The streaming radio service Pandora (P) has been a darling in the tech sector lately. Moving to all-time highs and beyond its IPO price of $16.00 / share, Pandora now trades north of $20.00.
Facebook (FB) recently surpassed the IPO price of $38.00 / share for the first time since the social media stock made its debut. Understanding Pandora's past and its vanity metrics will be important when it comes to digesting the upcoming earnings report. Mobile advertising, a key catalyst for Facebook's recent resurgence, also plays an important role in Pandora's future.
Last quarter, Pandora reported in line with First Call Consensus but missed Star Mine Smart Estimates by $0.01. In Q2 2011, Pandora put $0.02 on the bottom line compared with consensus estimates at ($0.03). In Q2 2012, the company broke even with consensus at ($0.03). Estimates for Q2 2013 range from $0.00 - $0.05.
8/19/13 - Needham Upgrades Pandora - $25 Target - Marketwatch
8/16/13 - Goldman Upgrades Pandora - Neutral to Buy, $27 Target - Wall Street Journal
Pandora Vanity Metrics
Pandora measures listener hours and active listeners. These statistics are released on a monthly basis and help analysts understand how many people are using the service and how frequently. The company also reports its share of total U.S radio listening.
Hours / Active
*Comp is provided as growth compared to the same period in the previous year.
**Share is the percentage of total U.S radio listening.
On March 7, 2012, Pandora announced its first ever audience metrics for February 2012, and noted it would continue to provide these statistics on a monthly basis going forward. The company reported a 5.74% share of total U.S. radio listening, up 2.9% from the same period in 2011. Total listener hours grew 101% for the month to 975 million, and active listeners increased 57.5% to 49 million.
Within the data provided, we are able to make some key assumptions about the financial performance of Pandora. Matching vanity metrics with company initiatives as well as changes affecting the sheets, provides insight into upcoming earnings. Looking at Listener hours, we note tremendous growth. Listener hours grew almost 3x in two years from 483 million in February of 2011. Active listeners more than doubled in the same time frame.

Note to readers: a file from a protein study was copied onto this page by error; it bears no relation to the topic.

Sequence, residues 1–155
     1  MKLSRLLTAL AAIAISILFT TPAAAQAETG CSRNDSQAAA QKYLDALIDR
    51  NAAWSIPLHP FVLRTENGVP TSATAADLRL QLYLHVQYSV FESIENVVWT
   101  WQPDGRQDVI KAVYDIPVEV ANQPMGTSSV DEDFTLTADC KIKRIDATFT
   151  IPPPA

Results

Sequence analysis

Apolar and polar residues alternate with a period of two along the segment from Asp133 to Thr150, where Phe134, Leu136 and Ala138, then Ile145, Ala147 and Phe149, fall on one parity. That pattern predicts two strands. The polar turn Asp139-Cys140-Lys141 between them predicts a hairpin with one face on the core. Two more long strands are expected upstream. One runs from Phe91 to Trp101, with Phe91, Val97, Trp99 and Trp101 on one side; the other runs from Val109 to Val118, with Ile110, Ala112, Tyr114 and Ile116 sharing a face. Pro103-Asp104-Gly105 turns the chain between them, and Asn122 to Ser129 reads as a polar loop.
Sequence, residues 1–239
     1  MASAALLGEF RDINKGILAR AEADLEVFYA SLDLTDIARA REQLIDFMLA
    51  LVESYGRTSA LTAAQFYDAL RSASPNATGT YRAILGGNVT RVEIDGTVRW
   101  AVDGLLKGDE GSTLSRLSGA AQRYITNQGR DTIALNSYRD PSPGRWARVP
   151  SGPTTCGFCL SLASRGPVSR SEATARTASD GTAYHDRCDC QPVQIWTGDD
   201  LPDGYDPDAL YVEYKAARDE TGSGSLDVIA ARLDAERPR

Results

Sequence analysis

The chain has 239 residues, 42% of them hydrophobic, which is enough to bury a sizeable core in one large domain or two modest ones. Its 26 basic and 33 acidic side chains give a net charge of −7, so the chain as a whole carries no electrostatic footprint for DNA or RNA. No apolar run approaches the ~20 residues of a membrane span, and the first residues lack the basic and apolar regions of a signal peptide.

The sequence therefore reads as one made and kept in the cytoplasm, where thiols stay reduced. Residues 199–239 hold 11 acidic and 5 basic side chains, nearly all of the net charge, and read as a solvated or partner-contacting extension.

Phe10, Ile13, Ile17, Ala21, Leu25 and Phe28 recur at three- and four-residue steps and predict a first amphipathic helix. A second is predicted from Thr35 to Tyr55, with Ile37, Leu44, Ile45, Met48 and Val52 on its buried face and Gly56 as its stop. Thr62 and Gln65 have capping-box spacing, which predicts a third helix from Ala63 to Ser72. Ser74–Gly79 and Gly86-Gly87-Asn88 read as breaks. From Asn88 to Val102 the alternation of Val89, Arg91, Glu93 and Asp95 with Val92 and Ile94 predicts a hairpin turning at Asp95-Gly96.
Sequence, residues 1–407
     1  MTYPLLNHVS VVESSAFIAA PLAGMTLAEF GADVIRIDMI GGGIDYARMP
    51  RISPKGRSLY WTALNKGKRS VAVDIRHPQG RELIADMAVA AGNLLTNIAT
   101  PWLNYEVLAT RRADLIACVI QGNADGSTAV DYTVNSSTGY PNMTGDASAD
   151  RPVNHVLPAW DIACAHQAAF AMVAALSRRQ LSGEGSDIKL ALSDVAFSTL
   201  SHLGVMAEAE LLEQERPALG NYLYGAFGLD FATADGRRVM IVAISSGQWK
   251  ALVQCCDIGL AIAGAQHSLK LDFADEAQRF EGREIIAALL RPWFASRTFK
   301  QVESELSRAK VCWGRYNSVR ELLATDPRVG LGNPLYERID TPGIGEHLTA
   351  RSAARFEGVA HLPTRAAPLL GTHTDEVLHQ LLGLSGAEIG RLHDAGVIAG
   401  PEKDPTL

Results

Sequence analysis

Breaking Down Numbers
The recent month over month decline in Pandora's share of total U.S. radio listening is certainly a concern for the long-term prospects of the company. Furthermore, a year-over-year surge in listener hours, the metric that makes the company pay, is also a tiger to be tamed. Every time a song is played (or spun), Pandora pays a royalty fee which gets distributed to the artist, song writer, and others who own a piece of the pie.
Managing this cost has been a going financial concern for the company and a topic for debate in the media. Rocco Pendola at The Street has written numerous articles covering the issues related to royalties, and you can find a blog post from Tim Westergren, the founder of Pandora, on the topic here.
Pandora pays an estimated $0.0011 every time a song is spun. As listener hours increase, the company spends more on royalties. When growth costs you more, managing growth and profitability becomes an interesting riddle.
Here's how they're solving it:
In February, Pandora instituted a 40-hour per month listening limit for mobile users. This caps the cost / user in a range (depending on song length), making costs both more predictable and controllable. After 40 hours, users have the option to upgrade to a premium ad-free experience, wait or participate in advertising gimmicks for additional listening hours ... either way, Pandora starts making money.
(click to enlarge)
Pandora's advertising business has ramped up significantly over the past year. I recently decided not to renew my Pandora One subscription to derive a better understanding of the ads distributed through the service. Here's what I discovered: there are noticeably more advertisers of all types, an increase in frequency of ads, and an increase in quality as well. This comparison is from two years ago, previous to my purchase of the premium service, Pandora One.
(click to enlarge)
With more active listeners listening and total listener hours declining, we can begin to see a better financial future for Pandora. Couple this with increased success in the advertising business, and caps on free listening and now we're looking at a "Facebook like" recovery beyond the IPO price (except the chart looks like this already happened). Getting to consistently profitable quarters for Pandora is also important.
Friday and Beyond
If Pandora can surprise the street and show better than expected numbers, the share price may continue its upward momentum. Investors should be cautious of an earnings miss which could easily send the stock plummeting. Personally, I'm surprised by the recent surge in share price and think that any post-earnings share price appreciation may already be baked in. What I do know is: Pandora offers an awesome music streaming service platform which I use on a regular basis, the music genome algorithm is genius, and Tim Westergren, the company's founder, has always been responsive to my inquiries. Even if earnings disappoint, I will look for opportunities to own shares in the future, and know there are many opportunities for Pandora to continue improving its service.
Additional disclosure: I have held Pandora shares long in the past. I will likely own Pandora shares again in the future.